What manner of man is Eden? He is still young as politicians count age. He is forty-eight. He comes from County Durham where his ancestors have lived and loved and died since the fifteenth century. He is the son of a seventh baronet, and the Eden baronetcy was created by King Charles II in 1672.

His father was a most remarkable figure. "Walk as though you own the earth" was his motto. He loved horses, flowers, painting and women, hated dogs, children, other people's smoking and religion. He had a violent temper, and when he did not like the look of the plants in his own green-house, smashed the whole place to bits with a walking stick in a state of ungovernable fury. Yet, curiously enough, servants and gardeners were devoted to him.

When the rain fell as he and his guests waited to shoot pheasants, he groaned out of the window towards heaven, "Oh God, how like You."

Amid such craggy surroundings the sensitive plant of Anthony Eden's spirit pushed its way to maturity and gained precocious strength in the process.

He was a very untidy boy and drove his father into tantrums with the objects he scattered around the house and gardens. It was hard to get him out of doors as he preferred sitting inside reading history and sticking his large collection of stamps into albums.

At Eton he won a prize for divinity, played football for his House and was a good oarsman. His housemaster says of him, "He was neither taciturn nor gay with no special indication of an outstanding career."

He was caned for bad fagging. One of the duties of fags at Eton is to cook sausages and the discipline which he incurred through his schoolboy shortcomings has turned Mr. Eden into one of the best sausage chefs of Westminster.

He served with the King's Royal Rifle Corps in the first World War and was nicknamed "The Boy." He was brave in battle and went out into No Man's Land to drag wounded comrades back to safety. At the age of twenty-two he was a brigade major.

After the war he went up to Christ Church, Oxford. There he kept himself to himself and slogged away at Oriental languages, for which he won first-class honours. He can still make an after-dinner speech in Persian. He spent his vacations in France studying French and his appearance earned him the title of "Lord Eyelash."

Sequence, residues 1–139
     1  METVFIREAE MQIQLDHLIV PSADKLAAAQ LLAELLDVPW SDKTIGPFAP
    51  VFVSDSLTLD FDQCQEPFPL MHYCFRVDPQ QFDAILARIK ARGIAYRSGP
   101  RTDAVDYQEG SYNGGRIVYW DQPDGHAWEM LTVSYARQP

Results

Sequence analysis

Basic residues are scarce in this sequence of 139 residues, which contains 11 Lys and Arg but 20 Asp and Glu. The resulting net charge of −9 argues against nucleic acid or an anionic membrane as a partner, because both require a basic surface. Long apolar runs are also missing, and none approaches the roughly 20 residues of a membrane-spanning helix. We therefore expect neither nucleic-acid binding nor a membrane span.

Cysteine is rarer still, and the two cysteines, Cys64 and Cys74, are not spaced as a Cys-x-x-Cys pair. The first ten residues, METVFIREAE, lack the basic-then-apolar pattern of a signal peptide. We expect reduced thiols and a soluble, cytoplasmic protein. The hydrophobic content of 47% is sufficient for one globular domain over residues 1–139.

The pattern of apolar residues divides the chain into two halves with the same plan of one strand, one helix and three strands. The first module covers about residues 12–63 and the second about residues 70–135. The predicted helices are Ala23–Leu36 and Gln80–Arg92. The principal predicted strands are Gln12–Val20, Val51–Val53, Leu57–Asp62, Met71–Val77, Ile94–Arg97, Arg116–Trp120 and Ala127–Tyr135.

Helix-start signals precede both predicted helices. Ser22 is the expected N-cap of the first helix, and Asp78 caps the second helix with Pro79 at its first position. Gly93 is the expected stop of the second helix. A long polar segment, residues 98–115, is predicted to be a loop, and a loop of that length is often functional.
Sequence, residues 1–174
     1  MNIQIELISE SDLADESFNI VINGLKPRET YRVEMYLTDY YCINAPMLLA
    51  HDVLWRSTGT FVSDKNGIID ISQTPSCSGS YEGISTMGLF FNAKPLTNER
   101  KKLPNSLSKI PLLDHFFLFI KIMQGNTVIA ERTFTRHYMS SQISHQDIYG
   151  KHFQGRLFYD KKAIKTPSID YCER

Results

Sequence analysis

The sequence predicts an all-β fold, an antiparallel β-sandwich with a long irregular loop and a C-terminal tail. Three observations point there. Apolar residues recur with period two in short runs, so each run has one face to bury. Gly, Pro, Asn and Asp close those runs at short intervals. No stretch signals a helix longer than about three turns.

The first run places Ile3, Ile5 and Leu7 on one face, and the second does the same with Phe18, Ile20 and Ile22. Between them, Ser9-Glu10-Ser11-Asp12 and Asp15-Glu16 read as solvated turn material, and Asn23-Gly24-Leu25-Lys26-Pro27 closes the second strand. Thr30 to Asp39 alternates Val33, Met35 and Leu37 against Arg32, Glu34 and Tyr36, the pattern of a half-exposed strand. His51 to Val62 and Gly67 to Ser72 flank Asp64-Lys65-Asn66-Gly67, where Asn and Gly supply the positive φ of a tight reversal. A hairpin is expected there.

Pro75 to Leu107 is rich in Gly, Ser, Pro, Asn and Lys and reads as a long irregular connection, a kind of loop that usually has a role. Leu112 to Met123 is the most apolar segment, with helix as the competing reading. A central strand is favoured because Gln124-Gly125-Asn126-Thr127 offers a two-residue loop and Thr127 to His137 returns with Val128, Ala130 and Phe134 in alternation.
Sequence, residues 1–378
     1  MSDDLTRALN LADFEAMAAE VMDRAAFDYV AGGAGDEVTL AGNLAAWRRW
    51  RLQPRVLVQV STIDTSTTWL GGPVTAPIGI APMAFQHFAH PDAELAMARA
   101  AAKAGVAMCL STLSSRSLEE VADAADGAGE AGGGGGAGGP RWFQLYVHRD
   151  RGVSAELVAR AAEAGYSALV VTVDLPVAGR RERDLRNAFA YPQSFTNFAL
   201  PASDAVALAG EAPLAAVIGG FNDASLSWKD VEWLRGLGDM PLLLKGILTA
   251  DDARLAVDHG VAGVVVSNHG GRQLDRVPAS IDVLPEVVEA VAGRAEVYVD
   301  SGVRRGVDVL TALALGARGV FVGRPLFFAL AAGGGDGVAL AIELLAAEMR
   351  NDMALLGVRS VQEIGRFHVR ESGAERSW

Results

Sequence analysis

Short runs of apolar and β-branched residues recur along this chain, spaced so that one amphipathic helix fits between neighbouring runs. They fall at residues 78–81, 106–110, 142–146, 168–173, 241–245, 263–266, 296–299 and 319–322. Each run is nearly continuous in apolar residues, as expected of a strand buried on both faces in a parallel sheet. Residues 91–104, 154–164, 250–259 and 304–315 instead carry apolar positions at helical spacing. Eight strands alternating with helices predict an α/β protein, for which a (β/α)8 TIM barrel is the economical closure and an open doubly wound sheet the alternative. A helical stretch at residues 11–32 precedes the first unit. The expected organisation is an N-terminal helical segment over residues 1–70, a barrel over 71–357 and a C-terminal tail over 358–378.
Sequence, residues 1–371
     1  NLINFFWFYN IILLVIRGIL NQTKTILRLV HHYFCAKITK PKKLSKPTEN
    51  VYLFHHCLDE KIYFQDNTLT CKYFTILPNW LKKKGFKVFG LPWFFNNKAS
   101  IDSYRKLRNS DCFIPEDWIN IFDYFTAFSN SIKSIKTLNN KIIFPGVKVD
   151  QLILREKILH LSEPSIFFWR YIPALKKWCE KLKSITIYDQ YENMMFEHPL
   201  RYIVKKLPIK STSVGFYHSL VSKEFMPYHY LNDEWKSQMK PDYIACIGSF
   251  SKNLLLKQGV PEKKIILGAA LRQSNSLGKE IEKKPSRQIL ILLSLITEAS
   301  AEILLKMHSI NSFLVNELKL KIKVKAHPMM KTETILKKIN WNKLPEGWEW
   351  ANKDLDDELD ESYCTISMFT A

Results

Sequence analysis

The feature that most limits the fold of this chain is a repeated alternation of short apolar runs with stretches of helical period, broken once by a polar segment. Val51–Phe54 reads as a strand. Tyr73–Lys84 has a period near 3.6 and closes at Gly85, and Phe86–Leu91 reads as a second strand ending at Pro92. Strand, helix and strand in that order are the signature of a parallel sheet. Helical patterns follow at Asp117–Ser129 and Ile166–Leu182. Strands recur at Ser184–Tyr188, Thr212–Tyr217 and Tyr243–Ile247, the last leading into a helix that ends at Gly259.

He used to slip away sometimes from the spires and grey walls of Oxford into the scented and slumbrous countryside which girdles that ancient city. There he would read poetry and paint in water colours. He has considerable talent as a painter and is one of the best English authorities on modern French painting.

He displayed to his few intimate friends developing ruggedness. One day a car in which he was driving passed a signpost. A passenger declared the signpost indicated a certain village. Eden said "No." After at least ten minutes' discussion in the course of which several miles had been covered Eden insisted, in spite of the protest of his companions, on turning round and going back to the signpost to prove his point.

When the passenger who disagreed with him about the signpost said, "After all, Anthony, what does it matter?" Eden replied, "It matters a great deal. You are wrong and determined to make everyone else agree with you. That is bad for you and you must learn your lesson."

The year after he came down from Oxford Anthony Eden married the daughter of a first baronet, Sir Gervase Beckett, the proprietor of the Yorkshire Post. He became one of the inky brethren like myself, a Black Craftsman, and earned a living as a working journalist for some time. He concentrated on political articles and notes on art exhibitions.

Almost as soon as he got into Parliament in 1923 Sir Austen Chamberlain, then Foreign Secretary, made him his Parliamentary Private Secretary and Eden was concerned with Foreign Affairs for the greater part of the time until Churchill's Caretaker Administration was beaten at the polls.

He is a shy man. He trembles before he makes a speech and sighs with relief when it is over. He is shortsighted and sometimes offends people by passing them in the street without recognising them.